Thursday, September 30, 2010


I almost rear-ended a police car yesterday. It was the policeman's fault - really. He swung out in front of me suddenly to give chase to a speeding car. He did not use a signal, or switch on flashing lights until later. Police often seem to think safe driving rules do not apply to them.

What does this have to do with food safety? Well, I thought of this incident when reading today's New York Times (Business section) article about the FDA inspector who was supposed to train poultry farmers on how to avoid spread of bacteria on poultry farms, breaking one of the cardinal safety rules herself, when she repeatedly parked her car too close to henhouses. By doing so, she could carry Salmonella or other bacteria in cow manure lodged in her tires or even transport contaminated poultry waste from one farm to another. In fact, it is believed that internationally much of Avian Influenza spread (apart from that carried by wild birds) is due to vehicles moving between poultry farms.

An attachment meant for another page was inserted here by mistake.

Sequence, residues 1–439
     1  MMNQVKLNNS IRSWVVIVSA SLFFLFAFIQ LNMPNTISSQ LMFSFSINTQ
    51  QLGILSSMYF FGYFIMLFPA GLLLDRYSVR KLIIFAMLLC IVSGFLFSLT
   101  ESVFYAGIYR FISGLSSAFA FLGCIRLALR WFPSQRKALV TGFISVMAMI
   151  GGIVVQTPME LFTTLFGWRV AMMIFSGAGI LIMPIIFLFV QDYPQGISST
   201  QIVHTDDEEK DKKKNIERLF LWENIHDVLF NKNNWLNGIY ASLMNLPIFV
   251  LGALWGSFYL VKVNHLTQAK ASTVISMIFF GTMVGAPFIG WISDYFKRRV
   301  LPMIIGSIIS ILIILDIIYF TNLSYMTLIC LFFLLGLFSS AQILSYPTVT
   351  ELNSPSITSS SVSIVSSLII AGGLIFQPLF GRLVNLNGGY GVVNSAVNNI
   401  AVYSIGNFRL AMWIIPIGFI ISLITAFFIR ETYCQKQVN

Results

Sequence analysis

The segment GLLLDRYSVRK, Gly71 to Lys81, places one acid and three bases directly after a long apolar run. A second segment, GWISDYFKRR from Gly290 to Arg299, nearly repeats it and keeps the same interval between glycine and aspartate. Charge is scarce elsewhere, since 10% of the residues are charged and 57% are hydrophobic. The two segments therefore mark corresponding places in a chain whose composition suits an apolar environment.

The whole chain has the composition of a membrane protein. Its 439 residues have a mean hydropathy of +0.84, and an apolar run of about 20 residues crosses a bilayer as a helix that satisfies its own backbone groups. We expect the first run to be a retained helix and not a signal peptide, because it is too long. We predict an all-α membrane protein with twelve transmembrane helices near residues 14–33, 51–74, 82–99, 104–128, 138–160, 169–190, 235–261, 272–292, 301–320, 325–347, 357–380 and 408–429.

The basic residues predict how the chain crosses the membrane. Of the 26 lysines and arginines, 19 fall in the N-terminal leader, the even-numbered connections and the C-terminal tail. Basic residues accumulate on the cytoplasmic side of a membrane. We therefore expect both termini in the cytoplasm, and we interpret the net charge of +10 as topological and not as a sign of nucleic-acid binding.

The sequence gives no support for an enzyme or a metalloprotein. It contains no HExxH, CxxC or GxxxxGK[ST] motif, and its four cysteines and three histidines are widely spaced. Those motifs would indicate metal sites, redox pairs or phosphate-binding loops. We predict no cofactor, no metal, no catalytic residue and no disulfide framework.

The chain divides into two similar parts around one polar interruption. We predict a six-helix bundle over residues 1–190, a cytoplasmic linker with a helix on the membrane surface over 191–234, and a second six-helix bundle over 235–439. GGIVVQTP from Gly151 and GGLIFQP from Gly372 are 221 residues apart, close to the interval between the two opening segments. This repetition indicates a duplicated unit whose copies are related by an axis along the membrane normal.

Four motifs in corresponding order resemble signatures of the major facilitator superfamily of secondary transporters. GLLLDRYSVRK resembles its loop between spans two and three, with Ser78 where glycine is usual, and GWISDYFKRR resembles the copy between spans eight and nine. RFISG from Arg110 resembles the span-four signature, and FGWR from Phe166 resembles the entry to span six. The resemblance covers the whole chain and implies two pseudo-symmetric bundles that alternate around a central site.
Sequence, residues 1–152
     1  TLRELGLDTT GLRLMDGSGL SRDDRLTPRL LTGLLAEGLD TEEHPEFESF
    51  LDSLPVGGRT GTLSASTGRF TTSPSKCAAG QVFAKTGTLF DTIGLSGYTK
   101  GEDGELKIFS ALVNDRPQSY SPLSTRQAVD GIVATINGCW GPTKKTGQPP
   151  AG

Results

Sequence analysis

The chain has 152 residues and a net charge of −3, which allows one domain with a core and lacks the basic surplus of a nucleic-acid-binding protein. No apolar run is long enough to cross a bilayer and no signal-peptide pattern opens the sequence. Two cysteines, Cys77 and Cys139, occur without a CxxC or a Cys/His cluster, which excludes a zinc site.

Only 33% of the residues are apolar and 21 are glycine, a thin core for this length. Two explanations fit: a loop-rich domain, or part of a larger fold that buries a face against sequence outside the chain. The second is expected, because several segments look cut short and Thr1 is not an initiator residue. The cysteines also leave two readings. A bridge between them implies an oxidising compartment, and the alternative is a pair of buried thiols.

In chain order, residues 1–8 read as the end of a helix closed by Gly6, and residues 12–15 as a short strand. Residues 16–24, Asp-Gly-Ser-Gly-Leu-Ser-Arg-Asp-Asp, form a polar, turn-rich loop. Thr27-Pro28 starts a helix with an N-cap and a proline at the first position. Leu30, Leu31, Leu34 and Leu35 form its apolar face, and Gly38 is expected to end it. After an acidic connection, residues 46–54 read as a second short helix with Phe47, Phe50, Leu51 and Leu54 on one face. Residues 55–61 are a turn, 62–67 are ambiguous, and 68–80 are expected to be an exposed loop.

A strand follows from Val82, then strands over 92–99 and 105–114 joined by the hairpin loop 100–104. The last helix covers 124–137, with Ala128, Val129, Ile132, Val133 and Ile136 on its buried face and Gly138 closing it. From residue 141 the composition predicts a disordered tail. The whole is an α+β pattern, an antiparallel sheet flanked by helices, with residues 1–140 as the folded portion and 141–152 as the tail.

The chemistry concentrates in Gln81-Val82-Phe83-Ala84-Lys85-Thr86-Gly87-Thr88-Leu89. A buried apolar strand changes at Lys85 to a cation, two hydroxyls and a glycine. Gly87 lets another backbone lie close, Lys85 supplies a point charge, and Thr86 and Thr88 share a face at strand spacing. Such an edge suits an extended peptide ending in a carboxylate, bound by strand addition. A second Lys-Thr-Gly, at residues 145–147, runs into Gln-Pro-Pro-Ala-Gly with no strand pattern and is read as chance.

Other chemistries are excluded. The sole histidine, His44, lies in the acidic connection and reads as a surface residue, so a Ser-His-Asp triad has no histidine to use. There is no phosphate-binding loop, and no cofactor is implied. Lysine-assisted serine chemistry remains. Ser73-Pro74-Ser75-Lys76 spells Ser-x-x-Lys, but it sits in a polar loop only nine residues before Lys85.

Why is it that those meant to enforce laws are often the first to break such laws - policemen, lawyers - and FDA inspectors?

And if an outbreak had indeed occurred at one of these poultry farms, the culprit inspector would not have been blamed - any more than that policeman would have been if I hadn't managed to brake fast enough.

Bon appetit!

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